This time, the play’s staging has been entrusted to the highly rated rising director Kunio Sugihara in his debut with SGT.

“When I got this chance to direct ‘Mizu no Eki’ I didn’t know it would be SGT’s final production,” the 39-year-old dramatist says. “In fact I wondered if I was the right person for such an important event, because I was just a fan of Ninagawa’s great works.”

“Then I remembered that when he founded SGT he said he wanted to make a new place where mature older people could find new faces and perspectives through physical expression.

“And since this non-verbal play is an ultimate form of physical expression, I believe it will be appropriate for their grand finale.”

As for the company itself, Sugihara says he’s already in no doubt it’s completely unique.

“SGT may look like a punkish troupe of oldsters, but they are very charming and — first and foremost — they’re just very straightforward and honest. So, even if I get tired having to speak in a loud voice because some of them have difficulty hearing, it’s very enjoyable,” he says with a laugh.

As for an actor’s view of this work, Obuchi says, “Right from the start till the very last moment, doing a non-verbal play really is a hard challenge. Hence, this is actually a very fitting way to mark the end of the era of Ninagawa’s pioneering SGT.”

Tsumura chuckles at this and says, “Of course I thought it was lucky this is non-verbal because I didn’t need to remember lines. Then I realized it’s more difficult to express the story silently just with my movements.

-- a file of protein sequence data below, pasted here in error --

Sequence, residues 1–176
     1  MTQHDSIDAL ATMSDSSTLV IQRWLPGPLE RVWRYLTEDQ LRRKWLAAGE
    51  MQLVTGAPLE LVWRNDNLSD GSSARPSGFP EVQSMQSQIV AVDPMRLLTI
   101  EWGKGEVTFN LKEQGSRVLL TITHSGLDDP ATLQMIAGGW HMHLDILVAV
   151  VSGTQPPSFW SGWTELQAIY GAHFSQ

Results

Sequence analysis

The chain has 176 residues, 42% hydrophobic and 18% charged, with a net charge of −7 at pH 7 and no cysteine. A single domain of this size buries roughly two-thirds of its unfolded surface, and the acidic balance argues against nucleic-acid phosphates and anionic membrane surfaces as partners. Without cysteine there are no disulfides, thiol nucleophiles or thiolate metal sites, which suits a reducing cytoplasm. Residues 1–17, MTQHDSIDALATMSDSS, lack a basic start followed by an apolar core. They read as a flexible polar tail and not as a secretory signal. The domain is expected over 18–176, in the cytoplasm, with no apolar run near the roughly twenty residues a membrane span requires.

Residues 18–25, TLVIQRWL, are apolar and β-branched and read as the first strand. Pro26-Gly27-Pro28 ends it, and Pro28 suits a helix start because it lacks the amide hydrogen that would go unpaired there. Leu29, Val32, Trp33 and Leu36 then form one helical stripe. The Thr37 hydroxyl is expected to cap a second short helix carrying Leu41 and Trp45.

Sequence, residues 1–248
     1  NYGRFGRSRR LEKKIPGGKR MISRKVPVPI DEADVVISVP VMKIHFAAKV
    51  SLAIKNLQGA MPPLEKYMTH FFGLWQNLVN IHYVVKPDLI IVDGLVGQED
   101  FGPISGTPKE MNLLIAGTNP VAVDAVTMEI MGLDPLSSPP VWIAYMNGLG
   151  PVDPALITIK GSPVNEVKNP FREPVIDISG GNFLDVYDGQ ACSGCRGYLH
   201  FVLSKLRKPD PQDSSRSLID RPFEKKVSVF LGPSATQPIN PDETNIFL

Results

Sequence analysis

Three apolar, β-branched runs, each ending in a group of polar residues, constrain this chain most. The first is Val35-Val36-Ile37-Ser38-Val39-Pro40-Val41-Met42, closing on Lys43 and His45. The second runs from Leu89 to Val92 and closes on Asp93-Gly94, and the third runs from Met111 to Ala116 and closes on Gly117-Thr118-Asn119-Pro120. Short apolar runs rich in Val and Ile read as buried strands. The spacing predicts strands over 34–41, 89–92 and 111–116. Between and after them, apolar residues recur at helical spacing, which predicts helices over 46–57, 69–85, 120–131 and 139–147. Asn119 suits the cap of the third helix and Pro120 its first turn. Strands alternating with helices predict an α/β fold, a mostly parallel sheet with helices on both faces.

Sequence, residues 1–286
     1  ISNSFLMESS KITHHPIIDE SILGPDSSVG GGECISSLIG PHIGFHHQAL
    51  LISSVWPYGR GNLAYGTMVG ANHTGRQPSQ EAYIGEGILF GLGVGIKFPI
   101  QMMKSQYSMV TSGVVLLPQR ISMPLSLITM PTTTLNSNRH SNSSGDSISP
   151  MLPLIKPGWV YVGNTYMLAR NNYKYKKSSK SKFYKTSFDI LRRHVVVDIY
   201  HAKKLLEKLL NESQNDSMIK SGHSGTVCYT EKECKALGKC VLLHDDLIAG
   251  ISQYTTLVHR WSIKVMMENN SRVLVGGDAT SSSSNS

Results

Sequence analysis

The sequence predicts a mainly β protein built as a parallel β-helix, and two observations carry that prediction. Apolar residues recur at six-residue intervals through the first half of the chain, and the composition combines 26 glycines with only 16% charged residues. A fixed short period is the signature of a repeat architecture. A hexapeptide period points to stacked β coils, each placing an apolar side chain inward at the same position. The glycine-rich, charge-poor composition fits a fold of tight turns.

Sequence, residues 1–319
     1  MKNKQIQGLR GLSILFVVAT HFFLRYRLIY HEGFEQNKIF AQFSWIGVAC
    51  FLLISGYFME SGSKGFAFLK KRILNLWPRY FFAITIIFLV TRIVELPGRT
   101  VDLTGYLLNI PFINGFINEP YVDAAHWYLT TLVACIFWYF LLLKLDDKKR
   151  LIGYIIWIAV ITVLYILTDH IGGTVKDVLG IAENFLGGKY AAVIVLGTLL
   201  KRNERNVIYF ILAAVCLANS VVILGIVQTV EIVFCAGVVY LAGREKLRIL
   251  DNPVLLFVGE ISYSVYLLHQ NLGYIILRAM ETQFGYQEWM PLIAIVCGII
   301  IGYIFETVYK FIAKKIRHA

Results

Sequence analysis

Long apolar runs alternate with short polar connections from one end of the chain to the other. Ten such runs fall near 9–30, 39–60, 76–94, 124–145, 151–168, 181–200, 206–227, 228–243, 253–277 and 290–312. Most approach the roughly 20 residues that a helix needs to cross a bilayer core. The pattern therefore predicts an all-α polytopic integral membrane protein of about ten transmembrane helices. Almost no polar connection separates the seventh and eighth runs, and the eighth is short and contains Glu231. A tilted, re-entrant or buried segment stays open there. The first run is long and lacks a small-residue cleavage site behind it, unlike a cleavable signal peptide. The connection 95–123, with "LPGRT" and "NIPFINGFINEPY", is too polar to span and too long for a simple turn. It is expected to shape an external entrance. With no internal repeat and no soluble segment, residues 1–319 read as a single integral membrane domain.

“When the rehearsals started we repeated again and again just walking very slowly. As we are old, it’s so difficult just to walk for a long time … our legs are shaky, and our bodies wobble.”

“But walking is the basis of any acting,” Obuchi adds, “and I am excited to be learning such fundamental things even now.”

(c) Nobuko Tanaka

— Kunio Sugihara/the director

Asked what this wordless work is all about, though, Sugihara only says it has a rough plot in which people — among them a girl, two men, a man and a woman, and an old lady — approach a dripping tap and touch or play with the water before leaving one after another.

Basically that’s it. Some of them fight, others put their legs under the water and have a rest, and a few — including Obuchi — appear to be carrying dead bodies.